But there is an alternative: grace based parent-child relationships.

Following the Biblical example that is always grace first, then law, parents can build amazingly strong relationships with their children where true heart obedience can develop and mature as our children grow up in the Kingdom.  Deuteronomy 6:7-9 can be something that we actually do with our kids!

Imagine your relationship with your child as a house.

The cement foundation, the immovable rock that all else sits on, is grace. This is especially important as our kids are very young. They must always understand that parents love them like Pinocchio, no strings attached. This follows the example of God. He always extended copious amounts of grace before even speaking law.

If our kids see the foundation as law, that immovable slab will crush them.

Now law does come into play, don't get me wrong. However, if our relationship is not based on grace, they will never be able to respond to law in a proper and healthy way.

Law makes up the walls in our imaginary house. They sit upon the foundation, not the other way around. They define boundaries. They distinguish different rooms in the house. They have holes in them, called windows. Sometimes if the weather outside is beautiful those windows are open, letting in a fresh breeze. When there is a blizzard, those windows are shut keeping it warm and cozy inside. There are also doors in the law. They open and close. It takes wisdom to know when to leave a door open or when to lock it. Sometimes it is appropriate to knock, but sometimes it is ok to barge in. Sometimes you destroy a wall to make one room bigger or expand the house!

The point is, the law is not the immovable foundation, but a helpful tool to be used with wisdom.  We should understand that even if our kids are banging their head against a wall they are still standing on the foundation. Even more importantly, we should make sure they know that.

Finally, I would say that the roof is Love. Love covers everything. No matter when and where our kids are in the house they are under the shelter and protection of our Love.

If we think about it this is exactly the example that God gave to us in the Biblical narrative.

Law was a tutor to point God's people to Christ and bring them to full maturity as the Body of Christ. It was never the basis for God's relationship with His people.

Grace was the foundation, and God's love prompted Him to cover His people with the spotless robes of Christ.

We would do well to imitate this example as we raise our children in the Kingdom.

Monday, March 12, 2012

Sweet Slumber: Co-Sleeping from a Dad's Perspective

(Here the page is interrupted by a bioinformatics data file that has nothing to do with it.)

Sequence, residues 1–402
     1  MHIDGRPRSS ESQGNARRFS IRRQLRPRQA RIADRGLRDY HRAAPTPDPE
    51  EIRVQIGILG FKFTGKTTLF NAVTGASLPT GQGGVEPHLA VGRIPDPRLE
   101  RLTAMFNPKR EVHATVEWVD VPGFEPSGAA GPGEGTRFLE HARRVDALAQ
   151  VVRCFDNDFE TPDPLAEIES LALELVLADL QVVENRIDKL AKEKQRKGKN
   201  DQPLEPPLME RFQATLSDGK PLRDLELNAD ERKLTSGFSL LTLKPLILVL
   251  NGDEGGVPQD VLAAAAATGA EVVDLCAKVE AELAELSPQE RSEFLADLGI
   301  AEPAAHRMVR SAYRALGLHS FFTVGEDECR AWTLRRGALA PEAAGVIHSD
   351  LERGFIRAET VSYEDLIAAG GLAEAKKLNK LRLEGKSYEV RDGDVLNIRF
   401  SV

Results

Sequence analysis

It's been a long day. My eyes are tired as I crawl into bed. I situate my pillows carefully and gently pull the covers to my chest.  As I roll onto my stomach I feel the tiny hand of Hannah come to rest on my back.

I know she is asleep.  The motion caused by me climbing into bed signals her to unconsciously connect with me. After I read to her a few hours earlier, we cuddled while she drifted off to sleep. I had reassured her that I would join her when it was my bed time. Feeling my back is her way registering that I kept my promise.

I pause one or two minutes to make sure she doesn't wake up. Her quiet, consistent breathing tells me that I made it in without disturbing her enough to fully awaken her, but just enough for her to know she has daddy next to her.

I lift my arm and slowly feel around for Abram.

He is a heavier sleeper. He sleeps in the twin bed pushed up against the queen bed.  That is, he starts there. Sometimes he migrates over to my empty spot after falling asleep. However, most of the time he doesn't get past "the crack" that the two beds create when pushed together. It is stuffed with blankets and a special connector to make a smoother transition, but his little body naturally deposits itself there, and fits quite nicely, I might add. (Better than mine. I know, I have spent many nights in "the crack.")

I hear his heavier, slightly louder breathing so I know it is safe to put my hand on him and connect the chain.

As I cuddle him I whisper softly, "I love you Abram."  He takes a deep breath, smacks his lips, grabs up his blanky, and repositions himself as he answers during the unconscious exhale, "I wuv you to daddy."

He doesn't seem to need to know that I am there like Hannah does. But, nonetheless, I need to let him know that I am there.

With the chain connected, I fall deeply asleep.

There is no telling how I will awake. Sometimes it is to Hannah or Abram informing me that they need to potty. Other times it is when they decide to tell me about a dream they had or they are excited about doing something in particular during the coming day.  Often it is just because I am uncomfortable because there are legs or arms draped over my neck, face, or stomach with a pair of feet under my back. (Of course this is their most comfortable position because they are always sound asleep when I wake up like this.)